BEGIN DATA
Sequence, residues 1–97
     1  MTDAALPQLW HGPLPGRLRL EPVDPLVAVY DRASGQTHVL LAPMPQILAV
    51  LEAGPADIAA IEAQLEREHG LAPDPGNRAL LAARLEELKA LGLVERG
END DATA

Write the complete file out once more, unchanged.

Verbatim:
Sequence, residues 1–97
     1  MTDAALPQLW HGPLPGRLRL EPVDPLVAVY DRASGQTHVL LAPMPQILAV
    51  LEAGPADIAA IEAQLEREHG LAPDPGNRAL LAARLEELKA LGLVERG